Even though cytosolic helicases MDA5 and RIG-1 distinctly recognize viral
dsRNAs in a length-dependent manner (31), they might also work in
combination to induce protective IFN responses in rotavirus infected IECs (32).
Over 100 single nucleotide polymorphisms (SNPs) have been identified in the
human TLR3 gene, some of which are predicted to be damaging, and associated
with susceptibility to selected viral infections. According to PolyPhen/SIFT
analysis, two TLR3 gene polymorphisms (rs3775291 and rs5743305) cause
nonfunctional and reduced levels of TLR3, respectively. The L412F (rs3775291)
SNP is associated with susceptibility to herpes simplex virus (HSV-type 1) (33),
tick-borne encephalitis virus (TBEV) (34) and measles virus (35) infections in
humans. Additionally, the rs5743305 promoter variant shows lower measlesspecific antibody titers in response to vaccination (35).
A recent study by Pott et al. shows that the age-dependent predisposition to
rotavirus infections might be due to the low expression of TLR3 in young
humans and neonatal mice (36). Additionally, adult mice with a targeted
inactivation in the TLR3 gene show increased level of rotaviral shedding (36).
The absence of intact TLR3 signaling might cause viral pathogenesis and
development of rotavirus gastroenteritis.
1.5.1. Humoral Immunity
Early studies on natural rotavirus infection in healthy children suggest that serum
anti-rotavirus antibodies, especially immunoglobulin A (IgA), correlates well
with protection from rotavirus infections, and both symptomatic and
asymptomatic infections result in similar protection levels (37). Mucosal
immunity also seems to play a crucial role as the presence of high levels of antirotavirus IgA antibodies in fecal samples has been strongly associated with
protection (38, 39). The total serum anti-rotavirus IgA level, assessed shortly
after infection, generally reflects intestinal IgA levels and appears to be the best
marker of protection (40). However, gut immunity is of short term and difficult
to measure. Remarkably, neutralizing secretory IgA antibody confers protection
against rotavirus in an infant mouse model (41, 42). The viral neutralization
mechanisms of secretory IgA might involve immune exclusion and intracellular
viral inactivation during transcytosis of IgA in small intestine (41, 43). Even
though IgA is defined as the major contributor of protection, elevated titers of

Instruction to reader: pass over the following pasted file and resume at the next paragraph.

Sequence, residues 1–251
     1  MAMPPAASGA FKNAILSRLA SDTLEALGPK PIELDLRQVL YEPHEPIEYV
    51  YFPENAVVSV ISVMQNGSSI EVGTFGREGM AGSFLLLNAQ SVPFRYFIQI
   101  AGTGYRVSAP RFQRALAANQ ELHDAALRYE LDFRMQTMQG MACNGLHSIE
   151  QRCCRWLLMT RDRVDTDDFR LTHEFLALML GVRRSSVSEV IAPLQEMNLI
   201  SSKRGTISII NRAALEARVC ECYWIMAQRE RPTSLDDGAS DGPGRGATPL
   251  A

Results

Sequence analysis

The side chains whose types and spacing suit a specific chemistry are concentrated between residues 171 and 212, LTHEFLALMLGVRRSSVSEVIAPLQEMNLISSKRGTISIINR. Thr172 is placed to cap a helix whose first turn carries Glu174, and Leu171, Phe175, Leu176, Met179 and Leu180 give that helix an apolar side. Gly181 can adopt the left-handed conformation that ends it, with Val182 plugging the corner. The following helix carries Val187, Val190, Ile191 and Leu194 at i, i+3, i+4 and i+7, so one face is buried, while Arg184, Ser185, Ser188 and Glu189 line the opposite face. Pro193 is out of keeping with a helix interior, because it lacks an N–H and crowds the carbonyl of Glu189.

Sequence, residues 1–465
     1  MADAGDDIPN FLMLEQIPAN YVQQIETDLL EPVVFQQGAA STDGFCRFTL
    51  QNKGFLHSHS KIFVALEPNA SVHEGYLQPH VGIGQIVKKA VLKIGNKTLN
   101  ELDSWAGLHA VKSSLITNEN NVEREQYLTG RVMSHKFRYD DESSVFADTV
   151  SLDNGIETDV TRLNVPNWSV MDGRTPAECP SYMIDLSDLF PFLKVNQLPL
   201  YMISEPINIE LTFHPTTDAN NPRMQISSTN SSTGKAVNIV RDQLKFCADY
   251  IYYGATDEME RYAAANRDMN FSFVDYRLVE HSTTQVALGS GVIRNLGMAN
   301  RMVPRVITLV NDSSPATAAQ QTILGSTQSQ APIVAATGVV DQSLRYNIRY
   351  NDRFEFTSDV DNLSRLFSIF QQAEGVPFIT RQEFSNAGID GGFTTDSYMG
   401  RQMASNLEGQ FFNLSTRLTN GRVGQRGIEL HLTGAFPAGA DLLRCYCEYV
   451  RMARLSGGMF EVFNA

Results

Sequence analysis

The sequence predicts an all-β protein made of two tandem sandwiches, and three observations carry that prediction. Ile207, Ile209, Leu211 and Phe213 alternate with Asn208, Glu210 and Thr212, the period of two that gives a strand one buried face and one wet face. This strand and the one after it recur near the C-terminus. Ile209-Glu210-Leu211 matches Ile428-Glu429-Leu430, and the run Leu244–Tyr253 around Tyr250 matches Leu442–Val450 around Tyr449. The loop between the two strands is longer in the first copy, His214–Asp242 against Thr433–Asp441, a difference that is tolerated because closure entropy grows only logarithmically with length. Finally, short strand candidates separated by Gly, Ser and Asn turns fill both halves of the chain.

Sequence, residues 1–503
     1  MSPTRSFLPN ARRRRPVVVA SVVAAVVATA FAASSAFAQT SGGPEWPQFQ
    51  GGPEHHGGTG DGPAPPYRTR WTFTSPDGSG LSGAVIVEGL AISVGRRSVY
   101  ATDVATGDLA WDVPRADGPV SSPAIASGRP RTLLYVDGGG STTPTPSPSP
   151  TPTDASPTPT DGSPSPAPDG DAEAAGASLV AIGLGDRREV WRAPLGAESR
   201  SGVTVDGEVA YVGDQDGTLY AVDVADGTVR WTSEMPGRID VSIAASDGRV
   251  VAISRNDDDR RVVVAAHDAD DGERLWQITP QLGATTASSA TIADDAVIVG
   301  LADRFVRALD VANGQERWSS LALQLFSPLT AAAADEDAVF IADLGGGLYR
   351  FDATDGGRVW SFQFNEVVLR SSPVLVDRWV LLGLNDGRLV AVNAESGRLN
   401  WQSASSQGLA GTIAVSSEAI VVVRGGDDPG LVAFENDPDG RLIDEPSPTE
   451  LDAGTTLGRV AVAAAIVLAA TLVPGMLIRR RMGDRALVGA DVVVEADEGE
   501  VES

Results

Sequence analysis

serum anti-rotavirus IgG are detected in individuals with IgA deficiency (IgAD)
(44, 45), with serum IgA levels lower than 0.07 grams per liter, as compared to
healthy individuals, suggesting a compensatory protective role of IgG antibodies
in rotavirus infections (44, 46).
Although VP6 is an immunodominant antigen in the antibody response to human
rotavirus infection (47), rotavirus outer capsid proteins VP4 and VP7 are crucial
in eliciting neutralizing antibodies (48). However, some antibodies against VP6
(49, 50), and enterotoxin NSP4 (51, 52) might also confer protection against
1.5.2. Cell-mediated Immunity
The contribution of cell-mediated immune response for protection against
rotavirus infections is relatively unknown in human, but is most likely essential
in resolution of the infection. The counts of rotavirus specific interferon gammasecreting CD4+ and CD8+ T lymphocytes are somewhat low in children with
acute rotavirus induced diarrhea (53). In addition, rotavirus-specific T helper
(TH) cells are detected in blood samples from infants after primary symptomatic
rotavirus infection (54). Dendritic cells induce production of rotavirus specific
TH1 cells, when infected with rotavirus in vitro (55). Furthermore, natural killer
cells were found to be up-regulated via IL-15 induction after exposure to
different rotavirus strains in vitro (51).
In mice, the CD4+ T lymphocytes are essential for the development of the
majority of RV-specific intestinal IgA (56). Furthermore, murine rotavirus-
specific CD8+ T lymphocytes are engaged in the gradual resolution of primary
rotavirus infection and induce partial protection against reinfection (57, 58).
The first rotavirus vaccine, RotashieldTM (Wyeth-Lederle Vaccines), a tetravalent
rhesus-human reassortant vaccine, was withdrawn from the market due to gut
intussusception cases in 1999. Two new oral vaccines were subsequently
developed and licensed in 2006. RotateqTM (Merck) is a live pentavalent bovinehuman reassortant vaccine, consisting of G1, G2, G3, G4 and P1A[8] types, as
the representatives of co-circulating common wild-type rotavirus strains (59).
Multivalent vaccines aim to induce a stronger and cross-neutralizing antibody
response. However, RotatixTM (GlaxoSmithKline Biologicals), obtained from a
clinical human isolate, is an attenuated monovalent (G1 P1A[8]) vaccine (59).
RotatixTM and RotateqTM are included in national vaccination programs of
several countries, and have been shown to be safe within the restricted age
limitation in use (between 6-26 weeks of age). The Phase III trials report high
efficiency (>85 %) in reducing severe rotavirus-induced diarrhea in developed
countries, and a less pronounced decline in rotavirus associated mortality rates in
developing countries (60-62). The vaccine efficacy is reduced in some areas